If it takes an entire village to raise one child, then it’s going to take the effort of every Philadelphian to make sure the city’s children have affordable, quality education.
On May 30, Philadelphia’s School Reform Commission passed a budget of $2.39 billion to cover the school district’s $304 million deficit and prevent a projected $1.1 billion shortfall by 2017. The new budget barely covers basic costs, which means Philadelphia’s children are attending schools this year with a scarcity of teachers and other faculty members, textbooks and additional supplies.
The administrative duties of the city’s public schools will no doubt be shirked due to constrained budgets. Ben Fils and Rachael Eisenberg, respective second and third-year students at Temple’s Beasley School of Law, said as school funding becomes scarcer, disciplinary procedures have become harsher across the board – an issue they and about 60 other students are confronting at full force.
Eisenberg is the former director and current advocate for the School Discipline Advocacy Service, a coalition of Temple and University of Pennsylvania law students who advocate for district students during disciplinary processes such as suspensions, transfers and expulsions. Eisenberg and Fils, the current director for SDAS, said public schools’ codes of conduct have the potential to exacerbate the disciplinary standings of students while they face state-forced austerity.
“I think schools want the best for their kids, I just think that a lot of their hands are tied because of resources,” Fils said in an email. “The discipline measures they have in place now, because of the constraints that are put on them … might not be enough to support the students they have.”
SDAS aims to raise awareness of the specific rights allotted to students and parents while going through their school’s disciplinary hearings. One such right is a notice in the mail from the school that informs parents of their student’s disciplinary status. Fils said some families never receive these state-mandated letters due to miscellaneous “bureaucratic reasons,” and other students might be unaware of their right to have an advocate speak on their behalf. The coalition’s outreach committee creates and hosts presentations educating communities on these and other rights.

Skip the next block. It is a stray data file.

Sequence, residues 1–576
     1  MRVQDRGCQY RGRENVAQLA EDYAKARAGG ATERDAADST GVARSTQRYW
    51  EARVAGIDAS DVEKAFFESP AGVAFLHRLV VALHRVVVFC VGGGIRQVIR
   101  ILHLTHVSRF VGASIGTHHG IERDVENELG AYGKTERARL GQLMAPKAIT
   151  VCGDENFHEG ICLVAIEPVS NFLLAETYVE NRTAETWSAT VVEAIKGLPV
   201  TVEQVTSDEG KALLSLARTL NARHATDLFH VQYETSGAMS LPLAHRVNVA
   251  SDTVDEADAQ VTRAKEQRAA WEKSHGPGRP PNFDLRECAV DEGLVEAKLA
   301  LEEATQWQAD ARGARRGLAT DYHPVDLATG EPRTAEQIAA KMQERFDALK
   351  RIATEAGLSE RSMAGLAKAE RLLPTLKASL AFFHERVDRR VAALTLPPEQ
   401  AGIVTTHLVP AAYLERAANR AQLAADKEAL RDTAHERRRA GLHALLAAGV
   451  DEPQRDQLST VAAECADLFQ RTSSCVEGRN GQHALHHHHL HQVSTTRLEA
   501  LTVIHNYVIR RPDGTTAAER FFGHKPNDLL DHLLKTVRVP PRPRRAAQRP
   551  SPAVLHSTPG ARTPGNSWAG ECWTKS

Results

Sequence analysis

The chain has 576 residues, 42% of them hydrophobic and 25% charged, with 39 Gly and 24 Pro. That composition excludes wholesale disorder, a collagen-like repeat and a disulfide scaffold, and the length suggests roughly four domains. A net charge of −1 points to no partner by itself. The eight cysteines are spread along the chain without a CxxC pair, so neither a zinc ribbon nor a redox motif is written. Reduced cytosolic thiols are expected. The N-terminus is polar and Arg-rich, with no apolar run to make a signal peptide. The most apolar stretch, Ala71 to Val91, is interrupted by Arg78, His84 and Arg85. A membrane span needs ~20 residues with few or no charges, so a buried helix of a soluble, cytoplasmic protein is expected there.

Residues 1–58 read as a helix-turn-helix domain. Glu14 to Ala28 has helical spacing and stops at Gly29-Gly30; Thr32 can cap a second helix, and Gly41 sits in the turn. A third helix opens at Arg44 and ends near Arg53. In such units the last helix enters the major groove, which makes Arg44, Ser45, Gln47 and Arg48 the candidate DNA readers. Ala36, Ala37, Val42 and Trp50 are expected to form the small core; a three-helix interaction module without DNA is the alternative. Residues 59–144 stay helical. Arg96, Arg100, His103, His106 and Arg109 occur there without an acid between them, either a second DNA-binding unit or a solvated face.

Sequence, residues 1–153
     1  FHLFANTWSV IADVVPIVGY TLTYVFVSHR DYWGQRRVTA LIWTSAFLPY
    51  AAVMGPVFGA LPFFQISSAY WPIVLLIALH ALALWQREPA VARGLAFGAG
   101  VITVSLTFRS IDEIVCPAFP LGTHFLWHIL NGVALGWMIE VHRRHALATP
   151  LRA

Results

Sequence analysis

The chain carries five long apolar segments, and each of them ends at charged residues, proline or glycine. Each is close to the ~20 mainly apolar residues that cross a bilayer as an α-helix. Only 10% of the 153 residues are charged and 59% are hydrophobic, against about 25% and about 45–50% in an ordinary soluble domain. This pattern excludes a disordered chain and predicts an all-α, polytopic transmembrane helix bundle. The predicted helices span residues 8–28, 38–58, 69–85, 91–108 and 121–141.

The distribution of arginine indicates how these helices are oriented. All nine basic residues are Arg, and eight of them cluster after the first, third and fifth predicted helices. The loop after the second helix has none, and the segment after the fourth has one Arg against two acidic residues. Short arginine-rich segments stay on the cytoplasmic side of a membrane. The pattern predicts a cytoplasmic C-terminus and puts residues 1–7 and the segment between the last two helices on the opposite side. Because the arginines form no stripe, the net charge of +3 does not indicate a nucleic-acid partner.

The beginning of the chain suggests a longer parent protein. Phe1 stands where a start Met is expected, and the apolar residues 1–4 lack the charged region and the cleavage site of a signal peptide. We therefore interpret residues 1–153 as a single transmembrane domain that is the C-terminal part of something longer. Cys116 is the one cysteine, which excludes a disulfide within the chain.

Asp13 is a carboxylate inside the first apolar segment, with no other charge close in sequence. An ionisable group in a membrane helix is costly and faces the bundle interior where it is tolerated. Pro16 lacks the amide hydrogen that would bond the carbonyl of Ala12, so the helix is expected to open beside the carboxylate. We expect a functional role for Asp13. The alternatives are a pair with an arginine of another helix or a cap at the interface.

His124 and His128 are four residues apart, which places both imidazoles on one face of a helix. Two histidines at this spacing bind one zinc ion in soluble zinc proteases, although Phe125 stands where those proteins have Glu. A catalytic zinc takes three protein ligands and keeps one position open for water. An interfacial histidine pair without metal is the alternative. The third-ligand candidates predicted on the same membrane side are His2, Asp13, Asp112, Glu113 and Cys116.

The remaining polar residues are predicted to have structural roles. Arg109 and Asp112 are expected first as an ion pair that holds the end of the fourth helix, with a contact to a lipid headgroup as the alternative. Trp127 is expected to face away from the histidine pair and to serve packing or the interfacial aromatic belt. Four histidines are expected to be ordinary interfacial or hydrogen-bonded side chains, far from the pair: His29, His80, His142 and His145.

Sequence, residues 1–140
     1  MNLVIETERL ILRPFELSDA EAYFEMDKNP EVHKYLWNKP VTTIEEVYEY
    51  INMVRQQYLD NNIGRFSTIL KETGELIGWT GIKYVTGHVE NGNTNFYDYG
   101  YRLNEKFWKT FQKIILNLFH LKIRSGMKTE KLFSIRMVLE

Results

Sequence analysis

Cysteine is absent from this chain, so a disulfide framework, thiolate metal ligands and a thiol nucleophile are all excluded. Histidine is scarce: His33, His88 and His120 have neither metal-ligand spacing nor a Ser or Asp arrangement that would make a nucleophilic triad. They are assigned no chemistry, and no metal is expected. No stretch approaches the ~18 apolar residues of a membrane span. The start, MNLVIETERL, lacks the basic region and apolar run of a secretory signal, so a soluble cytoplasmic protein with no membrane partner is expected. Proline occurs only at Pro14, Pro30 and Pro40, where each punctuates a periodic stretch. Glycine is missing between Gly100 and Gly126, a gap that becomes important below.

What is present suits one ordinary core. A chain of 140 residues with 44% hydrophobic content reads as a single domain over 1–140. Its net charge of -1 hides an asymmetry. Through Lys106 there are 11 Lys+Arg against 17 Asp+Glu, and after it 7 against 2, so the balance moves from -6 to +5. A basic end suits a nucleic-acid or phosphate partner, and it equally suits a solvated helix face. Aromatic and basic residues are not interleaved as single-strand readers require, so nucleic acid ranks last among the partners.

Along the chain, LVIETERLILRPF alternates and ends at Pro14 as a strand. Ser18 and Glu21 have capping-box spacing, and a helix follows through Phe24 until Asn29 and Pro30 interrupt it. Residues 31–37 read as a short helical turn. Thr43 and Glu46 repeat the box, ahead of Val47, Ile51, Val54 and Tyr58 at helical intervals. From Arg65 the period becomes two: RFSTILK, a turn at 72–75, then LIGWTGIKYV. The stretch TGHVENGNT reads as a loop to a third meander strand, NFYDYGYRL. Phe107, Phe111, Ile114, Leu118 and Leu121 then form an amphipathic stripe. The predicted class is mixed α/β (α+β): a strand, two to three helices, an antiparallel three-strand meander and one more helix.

However, SDAS is specifically combating a more widespread socioeconomic and political phenomenon: the school-to-prison pipeline. Fils said resources that could be allocated by the state to education are instead often funneled into correctional facilities, such as the $400 million being used to build a prison complex in Phoenixville, Pa.
Punitive and “zero tolerance” policies at public schools could mean students’ disciplinary statuses will be determined through the juvenile justice system, which can lead to recidivistic student behavior.
“When resources that could be going to the schools are going to correctional institutions in the juvenile justice system, it shows where priorities are,” Fils said. “It also shows where, unfortunately, the state expects a lot of our children to be down the road.”
Because SDAS is composed of law students and not professional lawyers, Eisenberg and Fils said they are not able to provide actual legal advice for district students and their families. Instead, they research state law and meticulously examine a school’s code of conduct. In doing so, the coalition can provide students’ families a better understanding of their choices while moving forward in their disciplinary hearings at no cost, a service Fills said he believes is desperately needed.
“As advocates for our clients, we help mitigate the pressure that such a hostile environment could create,” Fils said. “We help balance the process in what often feels like a battle between David and Goliath.”
Fils and Eisenberg recently hosted a workshop on campus that extensively trained close to 60 law students from Temple and Penn in child advocacy strategy, practical school discipline and professional ethics. The program was facilitated by David Lapp of the Education Law Center and Sara Jacobson from Beasley School of Law, drawing on information from similar organizations at other law schools, such as the City University of New York’s School of Law.
When these students founded SDAS, they said their motivation was to help fix the unstructured disciplinary process in Philadelphia’s schools, which were receiving a lot of media attention at the time, similar to the overall district crisis. They recognized this as an opportunity to put their education into action and give back to the community.
Temple students have full access to the benefits of their institution without having to share their skills and knowledge with North Philadelphia residents. However, universities are not solely responsible for the cultivation of students’ minds, but also the surrounding communities as well.
It doesn’t matter if a student lives 20 minutes outside the city or along the West Coast. Temple students are members of the Philadelphia community, and we must use our talents not only for our own futures and ambitions, but for those of our neighbors, too.
E. Payne Schroeder can be reached at firstname.lastname@example.org.
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